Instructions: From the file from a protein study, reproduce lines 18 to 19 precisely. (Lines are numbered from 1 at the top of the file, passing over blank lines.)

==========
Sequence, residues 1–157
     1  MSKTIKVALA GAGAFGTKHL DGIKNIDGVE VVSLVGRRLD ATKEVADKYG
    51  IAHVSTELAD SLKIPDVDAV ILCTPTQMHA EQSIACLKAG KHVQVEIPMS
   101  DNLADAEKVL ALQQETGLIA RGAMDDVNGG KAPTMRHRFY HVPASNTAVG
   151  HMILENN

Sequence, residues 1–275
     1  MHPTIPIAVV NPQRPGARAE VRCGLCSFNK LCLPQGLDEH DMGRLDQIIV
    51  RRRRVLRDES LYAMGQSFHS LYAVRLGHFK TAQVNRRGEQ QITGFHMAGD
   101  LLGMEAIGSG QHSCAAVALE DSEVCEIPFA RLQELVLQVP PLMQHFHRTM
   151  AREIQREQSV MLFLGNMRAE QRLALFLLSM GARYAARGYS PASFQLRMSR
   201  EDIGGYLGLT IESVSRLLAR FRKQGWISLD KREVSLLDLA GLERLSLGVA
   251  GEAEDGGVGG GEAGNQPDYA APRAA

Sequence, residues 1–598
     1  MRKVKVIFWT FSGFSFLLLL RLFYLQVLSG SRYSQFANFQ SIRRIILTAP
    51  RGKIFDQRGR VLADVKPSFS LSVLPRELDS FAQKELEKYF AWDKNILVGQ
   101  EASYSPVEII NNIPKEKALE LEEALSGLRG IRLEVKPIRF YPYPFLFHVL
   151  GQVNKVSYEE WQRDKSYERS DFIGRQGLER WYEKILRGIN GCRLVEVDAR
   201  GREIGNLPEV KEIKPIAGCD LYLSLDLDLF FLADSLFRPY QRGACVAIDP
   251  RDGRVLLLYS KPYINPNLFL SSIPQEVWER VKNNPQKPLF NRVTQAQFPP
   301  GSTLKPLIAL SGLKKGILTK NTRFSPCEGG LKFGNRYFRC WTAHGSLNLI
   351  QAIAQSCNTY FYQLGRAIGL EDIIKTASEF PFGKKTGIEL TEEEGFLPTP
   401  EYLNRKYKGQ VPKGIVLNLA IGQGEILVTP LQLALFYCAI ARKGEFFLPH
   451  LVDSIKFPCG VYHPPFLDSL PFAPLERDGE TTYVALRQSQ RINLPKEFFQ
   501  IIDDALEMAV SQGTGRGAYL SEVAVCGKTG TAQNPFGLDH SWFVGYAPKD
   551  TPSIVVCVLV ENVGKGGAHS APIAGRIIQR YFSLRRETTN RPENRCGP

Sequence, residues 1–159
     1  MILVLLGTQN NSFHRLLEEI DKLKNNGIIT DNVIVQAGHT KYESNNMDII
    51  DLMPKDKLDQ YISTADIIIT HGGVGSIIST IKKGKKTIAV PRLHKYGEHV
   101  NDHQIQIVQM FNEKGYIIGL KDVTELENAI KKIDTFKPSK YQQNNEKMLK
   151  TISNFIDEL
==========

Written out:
   201  GREIGNLPEV KEIKPIAGCD LYLSLDLDLF FLADSLFRPY QRGACVAIDP
   251  RDGRVLLLYS KPYINPNLFL SSIPQEVWER VKNNPQKPLF NRVTQAQFPP